Concentration of X in Benzene (Cb)= 0.13/10 = 0.013 g ml-1
Concentration of X in water (Cw)= 0.22/100 = 0.0022 g ml-1
According to distribution law
Cb/Cw = 0.013/0.0022 = 5.9
Solved example 2
In the distribution of succinic acid between ether and water at 15 degree centigrade, 20 ml of the ethereal layer contains 0.092 g of the acid. Find out the weight of the acid present in 50 ml of the aqueous solution in the equilibrium with it if the distribution coefficient for succinic acid between water and ether is 5.2.
Let the weight of succinic acid in aqueous layer be X g.
Concentration in aqueous layer = X/50 g ml-1
Concentration in ethereal layer = 0.092/20 g ml-1
Solubilities and distribution law
When a solute is shaken with two non-miscible solvents at equilibrium both the solvents are saturated with the solute. Since the solubility also represents concentration we can write the distribution law as:
Where S1 and S2 are the solubilities of the solute in the two solvents.
Hence knowing the value of the distribution coefficient (Kd) and the solubility of the solute in one of the solvents the solubility of solute in the second solvent can be calculated.
At 25 degree centigrade an aqueous solution of iodine containing 0.0516 g litre-1 is in equilibrium with a carbon tetrachloride solution containing 4.412 g litre-1. Find the solubility of iodine in carbon tetrachloride.
- To find the value of Kd
Concentration of Iodine in water= 0.0573 litre-1
Concentration of iodine in CCl4= 4.412 litre-1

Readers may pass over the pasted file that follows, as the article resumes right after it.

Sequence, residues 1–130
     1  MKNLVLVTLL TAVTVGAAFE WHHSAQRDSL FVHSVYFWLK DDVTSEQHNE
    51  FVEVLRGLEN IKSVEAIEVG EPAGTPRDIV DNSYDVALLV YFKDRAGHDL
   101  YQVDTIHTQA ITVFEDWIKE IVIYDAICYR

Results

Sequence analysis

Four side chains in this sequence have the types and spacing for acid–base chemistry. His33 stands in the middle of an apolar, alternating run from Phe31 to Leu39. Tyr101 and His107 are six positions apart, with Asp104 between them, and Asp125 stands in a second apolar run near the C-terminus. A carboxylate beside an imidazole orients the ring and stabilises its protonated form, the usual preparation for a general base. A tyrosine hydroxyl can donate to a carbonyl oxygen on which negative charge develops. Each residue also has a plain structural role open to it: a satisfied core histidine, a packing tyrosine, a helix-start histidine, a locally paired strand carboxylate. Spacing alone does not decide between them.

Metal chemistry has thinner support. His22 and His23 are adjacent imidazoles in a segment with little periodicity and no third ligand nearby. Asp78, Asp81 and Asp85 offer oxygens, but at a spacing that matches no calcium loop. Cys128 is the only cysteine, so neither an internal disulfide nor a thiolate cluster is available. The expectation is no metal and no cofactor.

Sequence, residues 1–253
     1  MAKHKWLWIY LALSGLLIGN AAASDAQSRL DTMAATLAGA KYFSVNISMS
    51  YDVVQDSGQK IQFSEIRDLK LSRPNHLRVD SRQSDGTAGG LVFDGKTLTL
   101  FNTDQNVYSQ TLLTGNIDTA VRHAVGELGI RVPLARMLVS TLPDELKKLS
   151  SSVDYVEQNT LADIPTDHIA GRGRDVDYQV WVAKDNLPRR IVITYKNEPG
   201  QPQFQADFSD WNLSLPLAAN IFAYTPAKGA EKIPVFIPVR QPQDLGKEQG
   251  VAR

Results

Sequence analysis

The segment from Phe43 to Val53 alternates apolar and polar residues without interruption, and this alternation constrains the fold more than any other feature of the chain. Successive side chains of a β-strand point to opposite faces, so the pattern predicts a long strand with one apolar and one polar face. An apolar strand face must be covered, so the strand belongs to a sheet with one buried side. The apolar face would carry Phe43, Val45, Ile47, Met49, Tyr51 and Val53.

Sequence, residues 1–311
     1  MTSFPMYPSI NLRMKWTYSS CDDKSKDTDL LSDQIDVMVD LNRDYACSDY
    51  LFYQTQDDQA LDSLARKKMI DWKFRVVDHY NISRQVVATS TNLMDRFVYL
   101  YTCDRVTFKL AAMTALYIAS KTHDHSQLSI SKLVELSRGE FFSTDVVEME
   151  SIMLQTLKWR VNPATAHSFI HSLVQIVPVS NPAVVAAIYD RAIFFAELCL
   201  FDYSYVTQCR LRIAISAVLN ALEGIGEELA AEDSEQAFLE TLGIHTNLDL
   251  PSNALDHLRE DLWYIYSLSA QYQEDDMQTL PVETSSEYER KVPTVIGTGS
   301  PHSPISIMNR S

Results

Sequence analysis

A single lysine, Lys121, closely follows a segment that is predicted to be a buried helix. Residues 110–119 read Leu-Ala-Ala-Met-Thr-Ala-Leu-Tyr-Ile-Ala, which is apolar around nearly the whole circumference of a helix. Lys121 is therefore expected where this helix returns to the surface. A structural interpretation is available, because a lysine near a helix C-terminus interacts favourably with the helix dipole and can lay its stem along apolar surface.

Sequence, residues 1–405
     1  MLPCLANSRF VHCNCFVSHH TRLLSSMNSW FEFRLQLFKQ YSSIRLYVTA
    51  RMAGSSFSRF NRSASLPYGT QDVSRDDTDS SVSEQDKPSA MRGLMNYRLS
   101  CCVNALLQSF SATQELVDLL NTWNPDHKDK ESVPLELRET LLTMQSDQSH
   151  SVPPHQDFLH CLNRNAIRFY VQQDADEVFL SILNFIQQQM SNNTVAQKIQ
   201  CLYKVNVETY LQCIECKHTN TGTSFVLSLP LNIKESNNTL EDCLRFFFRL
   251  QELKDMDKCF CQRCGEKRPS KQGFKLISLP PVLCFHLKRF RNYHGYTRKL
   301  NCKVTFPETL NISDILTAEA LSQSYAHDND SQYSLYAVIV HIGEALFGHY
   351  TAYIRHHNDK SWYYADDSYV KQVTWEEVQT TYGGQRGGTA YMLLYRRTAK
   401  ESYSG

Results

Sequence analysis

The value of distribution coefficient is
Cccl4/CH2O= 4.412/0.0516= 85.5
- Calculation of Solubility S
Applying the distribution law
Applications of distribution law or partition law
This law is helpful in many ways in industrial chemistry and physics.
- It is much helpful in the separation and purification of substances from mixtures such as solvent extraction.
- It is useful to determine the extent of hydrolysis
- It also helps in the confirmation of the formula of the complexes such as CuSO4.4NH3
- It is used to find the equilibrium constant for the equilibrium
- It is used to determine the solubility of the different solutes in a solvent
- It is used for solvent removal purposes
- It is also helpful in the separation of high act liquid chromatography
- It is used to conserve the emulsions and creams
- It helps in the formation of the solubilized structure
- Used to determine the solubility of the different drugs in specific solvents
Limitations of distribution or partition law
Although it is very useful law, but also have some limitations
- It is not functional in variable temperature condition
- It does not describe the process of dissociation or association in different molecular state
- The concentrations of the solute can only be noted when the equilibrium is established.
- The concentration of the solute in the two solvents is low. This law does not hold when the concentrations are high.
- The two solvents are non-miscible or only slightly soluble in each other. The extent of mutual solubility of the solvents remains unaltered by the addition of solute to them.